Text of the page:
There is no question that Chopin’s pieces do have a general mood and that Chopin’s temperament weighed very heavily on the substance of his music. A large portion of his writing and performing was done in the throes of a serious personal depression, during which he could “only groan, suffer, and pour out [his] despair at the piano!” (Chopin) Aptly enough, one of the principal causes of this depression was Chopin’s Polish nationalism and his sorrow at the Russian invasion of his country. But to present his music as though this general sorrow was its only element would be to condemn it to caricature. And that, though not severely given the circumstances, is what this album has done.
In the bulk of the album—the eight tracks played by Janusz Olejniczak—we hear several of Chopin’s most famous piano pieces delivered with unquestionable virtuosic poise and technical aplomb. But while much of this music is played lovingly, Olejniczak’s love is that of a somewhat neglectful parent. He gives his children a more than suitable allowance and generally steers them in the right direction, but he doesn’t always listen to what they have to say and is often unaware of what they are going through emotionally.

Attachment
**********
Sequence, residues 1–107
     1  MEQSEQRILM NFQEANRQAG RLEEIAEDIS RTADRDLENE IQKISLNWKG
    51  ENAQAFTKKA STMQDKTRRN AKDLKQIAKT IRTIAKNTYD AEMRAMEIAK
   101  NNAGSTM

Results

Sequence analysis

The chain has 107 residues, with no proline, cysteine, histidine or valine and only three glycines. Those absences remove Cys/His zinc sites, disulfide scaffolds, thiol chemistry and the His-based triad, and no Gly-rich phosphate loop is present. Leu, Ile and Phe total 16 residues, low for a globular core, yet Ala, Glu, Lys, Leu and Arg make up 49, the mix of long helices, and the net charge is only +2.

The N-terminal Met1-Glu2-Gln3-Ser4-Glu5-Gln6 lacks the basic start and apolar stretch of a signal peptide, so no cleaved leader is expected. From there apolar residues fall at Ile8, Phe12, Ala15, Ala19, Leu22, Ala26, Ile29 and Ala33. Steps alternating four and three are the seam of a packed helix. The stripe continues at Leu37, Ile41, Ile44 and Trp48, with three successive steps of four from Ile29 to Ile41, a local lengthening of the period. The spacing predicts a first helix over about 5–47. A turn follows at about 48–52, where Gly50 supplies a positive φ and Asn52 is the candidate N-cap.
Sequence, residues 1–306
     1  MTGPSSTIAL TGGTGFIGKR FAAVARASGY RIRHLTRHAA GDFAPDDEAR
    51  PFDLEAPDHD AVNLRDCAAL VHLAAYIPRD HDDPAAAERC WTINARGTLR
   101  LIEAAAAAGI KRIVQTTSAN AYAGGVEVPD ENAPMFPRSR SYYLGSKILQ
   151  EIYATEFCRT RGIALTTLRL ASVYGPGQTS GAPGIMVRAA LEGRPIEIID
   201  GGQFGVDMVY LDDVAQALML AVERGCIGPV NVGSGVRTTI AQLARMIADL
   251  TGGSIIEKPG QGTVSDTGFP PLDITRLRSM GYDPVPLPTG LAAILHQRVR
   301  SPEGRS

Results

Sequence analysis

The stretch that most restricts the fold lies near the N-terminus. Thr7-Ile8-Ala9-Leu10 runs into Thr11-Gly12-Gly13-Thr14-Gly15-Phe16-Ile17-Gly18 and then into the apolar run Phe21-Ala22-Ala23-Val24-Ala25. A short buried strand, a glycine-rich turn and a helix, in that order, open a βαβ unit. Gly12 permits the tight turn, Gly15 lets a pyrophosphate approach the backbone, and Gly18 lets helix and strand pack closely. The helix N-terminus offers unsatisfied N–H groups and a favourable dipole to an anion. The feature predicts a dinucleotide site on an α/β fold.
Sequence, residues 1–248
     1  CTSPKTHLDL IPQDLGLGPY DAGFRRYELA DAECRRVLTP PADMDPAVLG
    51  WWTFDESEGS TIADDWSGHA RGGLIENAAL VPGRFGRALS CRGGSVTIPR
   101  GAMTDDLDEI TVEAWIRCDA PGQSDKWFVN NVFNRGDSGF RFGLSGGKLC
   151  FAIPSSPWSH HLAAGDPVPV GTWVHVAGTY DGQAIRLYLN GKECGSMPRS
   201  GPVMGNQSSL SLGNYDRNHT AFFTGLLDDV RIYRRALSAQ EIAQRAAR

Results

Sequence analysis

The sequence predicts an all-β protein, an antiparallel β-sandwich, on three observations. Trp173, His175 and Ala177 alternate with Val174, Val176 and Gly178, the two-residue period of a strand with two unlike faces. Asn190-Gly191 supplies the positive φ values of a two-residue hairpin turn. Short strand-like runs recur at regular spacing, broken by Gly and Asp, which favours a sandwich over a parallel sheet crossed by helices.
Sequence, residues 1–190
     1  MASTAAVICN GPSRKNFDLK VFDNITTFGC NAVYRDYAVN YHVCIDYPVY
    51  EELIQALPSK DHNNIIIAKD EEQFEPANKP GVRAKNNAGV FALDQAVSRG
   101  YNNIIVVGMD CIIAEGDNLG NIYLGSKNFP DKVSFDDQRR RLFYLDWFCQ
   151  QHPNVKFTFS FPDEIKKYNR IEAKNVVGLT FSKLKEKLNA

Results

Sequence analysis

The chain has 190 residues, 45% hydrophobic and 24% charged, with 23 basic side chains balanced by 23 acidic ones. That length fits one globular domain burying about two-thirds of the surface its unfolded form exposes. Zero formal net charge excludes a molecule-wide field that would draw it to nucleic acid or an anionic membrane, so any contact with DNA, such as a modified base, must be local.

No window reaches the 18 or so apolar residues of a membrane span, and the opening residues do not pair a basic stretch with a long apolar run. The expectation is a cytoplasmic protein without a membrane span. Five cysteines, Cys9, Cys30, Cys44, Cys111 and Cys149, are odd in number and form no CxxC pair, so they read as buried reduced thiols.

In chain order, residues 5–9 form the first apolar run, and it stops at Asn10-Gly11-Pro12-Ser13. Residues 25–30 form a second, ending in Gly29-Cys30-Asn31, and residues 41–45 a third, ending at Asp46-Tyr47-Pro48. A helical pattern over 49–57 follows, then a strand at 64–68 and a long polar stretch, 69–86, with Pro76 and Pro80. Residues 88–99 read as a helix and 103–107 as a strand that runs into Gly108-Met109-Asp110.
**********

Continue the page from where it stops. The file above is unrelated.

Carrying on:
His rubato (the speeding up and slowing down of a line for musical effect) is very generous, and more than anyone, Chopin allows for generous rubato. However, rubato should only be heavily applied to the melody and not so much to the accompaniment. The musical concept in much of Chopin’s work is that of a soloist accompanied by an orchestra, and a soloist obviously has a great deal more flexibility than an entire orchestra. One might say that this is irrelevant, as Janusz Olejniczak is obviously just a soloist and not an orchestra, but in doing so one would be missing the point. Chopin’s music wasn’t simply pulled out of thin air. It was heavily influenced by the other forms of his time, which usually involved full orchestras, small ensembles, or an ensemble or accompanist with a soloist.